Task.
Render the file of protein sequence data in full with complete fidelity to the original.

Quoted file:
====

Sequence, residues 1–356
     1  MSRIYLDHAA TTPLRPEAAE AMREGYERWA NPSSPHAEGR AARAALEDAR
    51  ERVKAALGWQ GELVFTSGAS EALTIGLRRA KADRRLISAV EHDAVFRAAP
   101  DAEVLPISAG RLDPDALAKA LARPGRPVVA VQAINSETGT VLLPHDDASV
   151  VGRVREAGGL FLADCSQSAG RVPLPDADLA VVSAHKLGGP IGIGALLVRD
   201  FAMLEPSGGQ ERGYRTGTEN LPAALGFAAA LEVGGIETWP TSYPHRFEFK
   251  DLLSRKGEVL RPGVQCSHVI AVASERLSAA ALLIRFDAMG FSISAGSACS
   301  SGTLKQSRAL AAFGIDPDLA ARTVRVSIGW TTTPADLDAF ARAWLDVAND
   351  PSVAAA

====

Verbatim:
Sequence, residues 1–356
     1  MSRIYLDHAA TTPLRPEAAE AMREGYERWA NPSSPHAEGR AARAALEDAR
    51  ERVKAALGWQ GELVFTSGAS EALTIGLRRA KADRRLISAV EHDAVFRAAP
   101  DAEVLPISAG RLDPDALAKA LARPGRPVVA VQAINSETGT VLLPHDDASV
   151  VGRVREAGGL FLADCSQSAG RVPLPDADLA VVSAHKLGGP IGIGALLVRD
   201  FAMLEPSGGQ ERGYRTGTEN LPAALGFAAA LEVGGIETWP TSYPHRFEFK
   251  DLLSRKGEVL RPGVQCSHVI AVASERLSAA ALLIRFDAMG FSISAGSACS
   301  SGTLKQSRAL AAFGIDPDLA ARTVRVSIGW TTTPADLDAF ARAWLDVAND
   351  PSVAAA